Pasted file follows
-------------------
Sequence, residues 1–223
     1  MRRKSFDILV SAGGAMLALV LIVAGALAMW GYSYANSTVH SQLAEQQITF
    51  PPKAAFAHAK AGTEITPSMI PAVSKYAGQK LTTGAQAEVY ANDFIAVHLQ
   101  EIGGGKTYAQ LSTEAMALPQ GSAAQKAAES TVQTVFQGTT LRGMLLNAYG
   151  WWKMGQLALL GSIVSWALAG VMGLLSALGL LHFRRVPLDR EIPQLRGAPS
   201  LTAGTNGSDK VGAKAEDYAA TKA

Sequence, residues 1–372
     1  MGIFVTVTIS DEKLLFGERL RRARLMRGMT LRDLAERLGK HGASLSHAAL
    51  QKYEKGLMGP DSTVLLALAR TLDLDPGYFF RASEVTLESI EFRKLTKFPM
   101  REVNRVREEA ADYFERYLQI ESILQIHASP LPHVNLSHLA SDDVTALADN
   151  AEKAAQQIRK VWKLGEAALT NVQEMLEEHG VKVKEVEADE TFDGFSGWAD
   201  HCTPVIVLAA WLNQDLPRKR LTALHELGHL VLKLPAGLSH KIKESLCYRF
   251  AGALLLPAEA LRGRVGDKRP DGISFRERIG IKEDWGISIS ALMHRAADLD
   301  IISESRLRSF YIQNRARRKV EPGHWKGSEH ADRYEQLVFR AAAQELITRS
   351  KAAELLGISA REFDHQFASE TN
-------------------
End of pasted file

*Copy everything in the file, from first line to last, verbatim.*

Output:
Sequence, residues 1–223
     1  MRRKSFDILV SAGGAMLALV LIVAGALAMW GYSYANSTVH SQLAEQQITF
    51  PPKAAFAHAK AGTEITPSMI PAVSKYAGQK LTTGAQAEVY ANDFIAVHLQ
   101  EIGGGKTYAQ LSTEAMALPQ GSAAQKAAES TVQTVFQGTT LRGMLLNAYG
   151  WWKMGQLALL GSIVSWALAG VMGLLSALGL LHFRRVPLDR EIPQLRGAPS
   201  LTAGTNGSDK VGAKAEDYAA TKA

Sequence, residues 1–372
     1  MGIFVTVTIS DEKLLFGERL RRARLMRGMT LRDLAERLGK HGASLSHAAL
    51  QKYEKGLMGP DSTVLLALAR TLDLDPGYFF RASEVTLESI EFRKLTKFPM
   101  REVNRVREEA ADYFERYLQI ESILQIHASP LPHVNLSHLA SDDVTALADN
   151  AEKAAQQIRK VWKLGEAALT NVQEMLEEHG VKVKEVEADE TFDGFSGWAD
   201  HCTPVIVLAA WLNQDLPRKR LTALHELGHL VLKLPAGLSH KIKESLCYRF
   251  AGALLLPAEA LRGRVGDKRP DGISFRERIG IKEDWGISIS ALMHRAADLD
   301  IISESRLRSF YIQNRARRKV EPGHWKGSEH ADRYEQLVFR AAAQELITRS
   351  KAAELLGISA REFDHQFASE TN